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Kim Jong Un Calls K-Pop A "Vicious Cancer": Prescribes 15-Years Hard Labor If Caught With It

Tyler Durden's Photo
by Tyler Durden
Friday, Jun 11, 2021 - 08:40 PM

Apparently Kim Jong Un has gone full culture warrior in attempts to "protect" the North from a K-Pop invasion, calling South Korea's pop culture style which has in past years gone global a "vicious cancer" which is corrupting the youth, but is still increasingly making inroads into the DPRK. A new state media quote this week indicated his belief that it would make North Korea "crumble like a damp wall."

These latest statements in the war on K-Pop come after months of Kim himself or other officials in state media ranting against the corrupting "attire, hairstyles, speeches, behaviors" which comes from outside influence, especially from South Korean music and film, and is threatening to induce changes in the "ideological and mental state" of the country's youth.

Months ago Kim also ordered that authorities across all provinces to "mercilessly" combat increasing "capitalist tendencies" and all external forms of cultural influence. 

Multiple international reports are now highlighting a law which was passed last December, but is receiving much more attention in light of the K-Pop comments, given it means a citizen could literally face 15 years of hard labor if they're found to be in possession of South Korean popular entertainment:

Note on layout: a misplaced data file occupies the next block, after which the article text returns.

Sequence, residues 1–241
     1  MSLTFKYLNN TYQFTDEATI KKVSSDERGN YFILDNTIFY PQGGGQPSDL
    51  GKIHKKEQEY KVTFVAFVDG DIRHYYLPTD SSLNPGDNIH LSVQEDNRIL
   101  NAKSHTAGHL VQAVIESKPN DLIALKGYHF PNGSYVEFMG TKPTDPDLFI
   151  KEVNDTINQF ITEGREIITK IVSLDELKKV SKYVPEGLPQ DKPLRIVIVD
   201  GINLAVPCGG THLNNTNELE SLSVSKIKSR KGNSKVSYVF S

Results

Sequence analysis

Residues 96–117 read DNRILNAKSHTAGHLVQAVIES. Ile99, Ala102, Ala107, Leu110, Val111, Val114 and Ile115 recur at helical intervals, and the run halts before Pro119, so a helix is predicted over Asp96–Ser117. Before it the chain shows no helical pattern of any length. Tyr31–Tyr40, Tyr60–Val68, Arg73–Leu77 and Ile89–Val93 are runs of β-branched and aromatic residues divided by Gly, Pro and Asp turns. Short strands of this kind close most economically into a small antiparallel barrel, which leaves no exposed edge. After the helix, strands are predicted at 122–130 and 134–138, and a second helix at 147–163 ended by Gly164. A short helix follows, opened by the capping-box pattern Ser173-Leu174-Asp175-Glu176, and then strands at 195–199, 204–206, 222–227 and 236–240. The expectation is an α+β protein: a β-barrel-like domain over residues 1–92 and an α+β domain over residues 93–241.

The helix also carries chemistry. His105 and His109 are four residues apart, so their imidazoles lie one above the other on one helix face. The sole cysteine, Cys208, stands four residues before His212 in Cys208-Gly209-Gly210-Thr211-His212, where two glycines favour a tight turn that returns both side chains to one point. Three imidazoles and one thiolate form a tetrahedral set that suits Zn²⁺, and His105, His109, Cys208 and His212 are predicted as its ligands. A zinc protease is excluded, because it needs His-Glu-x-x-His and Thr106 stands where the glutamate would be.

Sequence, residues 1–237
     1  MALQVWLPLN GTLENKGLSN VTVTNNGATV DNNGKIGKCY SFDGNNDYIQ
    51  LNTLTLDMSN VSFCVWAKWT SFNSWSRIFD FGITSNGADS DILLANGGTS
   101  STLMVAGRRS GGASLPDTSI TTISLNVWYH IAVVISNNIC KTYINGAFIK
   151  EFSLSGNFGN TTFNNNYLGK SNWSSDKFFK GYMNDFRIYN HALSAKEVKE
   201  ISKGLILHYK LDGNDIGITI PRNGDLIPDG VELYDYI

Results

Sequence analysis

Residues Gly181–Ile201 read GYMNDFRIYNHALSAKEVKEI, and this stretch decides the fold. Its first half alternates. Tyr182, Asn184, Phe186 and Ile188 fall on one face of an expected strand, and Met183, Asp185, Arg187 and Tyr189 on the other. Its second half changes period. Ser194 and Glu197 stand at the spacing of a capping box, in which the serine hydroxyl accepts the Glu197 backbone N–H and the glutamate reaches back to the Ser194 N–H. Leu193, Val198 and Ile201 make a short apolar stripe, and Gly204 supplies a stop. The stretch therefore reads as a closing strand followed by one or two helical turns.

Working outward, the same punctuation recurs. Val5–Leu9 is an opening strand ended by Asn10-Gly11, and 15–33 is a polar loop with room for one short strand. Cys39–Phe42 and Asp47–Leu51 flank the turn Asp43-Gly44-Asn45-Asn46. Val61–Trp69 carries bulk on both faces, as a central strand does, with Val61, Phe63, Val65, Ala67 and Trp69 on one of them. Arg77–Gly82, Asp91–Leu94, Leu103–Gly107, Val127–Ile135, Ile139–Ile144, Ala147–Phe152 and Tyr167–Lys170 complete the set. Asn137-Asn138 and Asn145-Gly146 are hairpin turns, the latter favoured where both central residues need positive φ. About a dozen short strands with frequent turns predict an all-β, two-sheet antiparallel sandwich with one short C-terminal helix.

It calls for five to 15 years in labor camps for people who watch or possess South Korean entertainment, according to lawmakers in Seoul who were briefed by government intelligence officials, and internal North Korean documents smuggled out by Daily NK, a Seoul-based website. The previous maximum punishment for such crimes was five years of hard labor.

And worse, "dealing" has been made a capital offense...

Those who put material in the hands of North Koreans can face even stiffer punishments, including the death penalty. The new law also calls for up to two years of hard labor for those who "speak, write or sing in South Korean style."

Despite the obvious absurdity and somewhat comic nature of the bizarre law and spectacle of the ongoing "crackdown" - which sounds like it's a write-up in The Onion, it strongly suggests that Pyongyang is legitimately worried at this point about maintaining ideological control over the population.

There appears to be a growing craving for outside media consumption, also as technology has made it easier to either share things digitally, or easily hide small thumb drives. 

On the one hand media smuggled from outside might present the DPRK population with more attractive images of life elsewhere away from under the thumb of the totalitarian regime, while at the same time undoing official North propaganda which depicts South Korea as a "living hell".

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